Tuesday, September 13, 2016

Multiple choice religion

Can an individual improve themselves over time in any fundamental sense? Or is the human journey rather one of self-acceptance? 

Christians get themselves in a lather about the faith / works debate. You can make the bible 'prove' either that we are depraved and utterly reliant on God to fix us - Answer B = accept. Or that we play an active part in fixing our world and ourselves - Answer A = improve.

I'm not particularly interested in the debate for its own sake. But I don't want to smooth it over with platitudes either, as many try to do. The tension it addresses impacts my actual life.

It was, some years ago, a great release for me to encounter thinkers (Rohr, McLaren, Brueggemann, Keating et al) who emphasise Answer A. They focus on how the God of Christian scripture needs human partners to complete his work and the ways they alter it; how the serious pursuit of difficult practices like solitude, meditation, tithing and confession make deep and lasting change; how great is our human potential to improve our world.

This freed me from overbearing religious leaders from both conservative and liberal camps making me feel crappy. The right telling me I'm impotent, worthless, a sex-crazed victim of myself. The liberals denouncing me as strident, intimidating, self-promoting, suspect. To hear of my essential goodness, my image-of-godness, my capacity to make myself more and better, the world-changing potential contained in every mortal minute of my life.... well, it might out of context seem like God-denial. But in fact it has brought me nearer heaven.

That said, one of my favourite public figures in Christianity today is Nadia Bolz Weber. Despite the criticism she gets for swearing and embracing LGBT people (yeah....), she is pretty conservative, theologically. Appropriately for a Lutheran, she argues only God can fix us.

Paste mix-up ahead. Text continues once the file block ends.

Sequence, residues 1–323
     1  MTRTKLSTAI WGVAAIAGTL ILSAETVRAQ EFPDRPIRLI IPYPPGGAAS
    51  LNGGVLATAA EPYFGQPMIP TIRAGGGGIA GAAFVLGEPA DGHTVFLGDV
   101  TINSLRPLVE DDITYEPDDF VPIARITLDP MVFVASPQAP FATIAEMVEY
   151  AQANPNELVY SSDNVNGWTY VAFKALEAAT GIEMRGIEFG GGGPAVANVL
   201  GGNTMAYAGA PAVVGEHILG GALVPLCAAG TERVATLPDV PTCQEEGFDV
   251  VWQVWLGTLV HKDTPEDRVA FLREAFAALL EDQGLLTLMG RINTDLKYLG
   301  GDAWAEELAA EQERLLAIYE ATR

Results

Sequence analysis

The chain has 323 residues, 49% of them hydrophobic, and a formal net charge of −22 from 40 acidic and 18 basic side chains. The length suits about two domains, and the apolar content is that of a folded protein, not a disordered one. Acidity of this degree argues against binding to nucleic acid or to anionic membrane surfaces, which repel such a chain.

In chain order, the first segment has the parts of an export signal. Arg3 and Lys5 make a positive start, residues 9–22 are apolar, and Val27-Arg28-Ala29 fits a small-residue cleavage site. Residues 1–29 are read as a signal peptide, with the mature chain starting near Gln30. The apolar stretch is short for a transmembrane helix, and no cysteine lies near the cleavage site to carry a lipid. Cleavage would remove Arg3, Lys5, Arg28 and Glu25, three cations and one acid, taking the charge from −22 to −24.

She would say (and did, during a recent Q&A in Sheffield) that no, a person cannot improve themselves. Prayer, scriptural study, hard work and spiritual practices may be helpful in coping with the day-to-day. But they do not alter our essential, sinful, state as only God's forgiveness can. Answer B = accept.

Nadia is focused on loving people, using her celebrity to confess her own flaws, standing up fiercely for the judged and being deeply committed to forgiveness in community. So her 'YOU ARE A SINNER, ACCEPT IT!' is really ok to hear - in a way it isn't from almost everyone else with a microphone.

Which reveals a paradox and proves it's not the words that matter. It's what's inside the heart of the speaker and the listener.

I think that very many beleaguered and battered Christians in our nation really need to be reassured about their potential and brilliance for a while. But the pendulum can always swing the other way, making us overreach ourselves.

For me, the answer, as with so many of life and scripture's contradictions, is sometimes A and sometimes B. And often a little bit of both.

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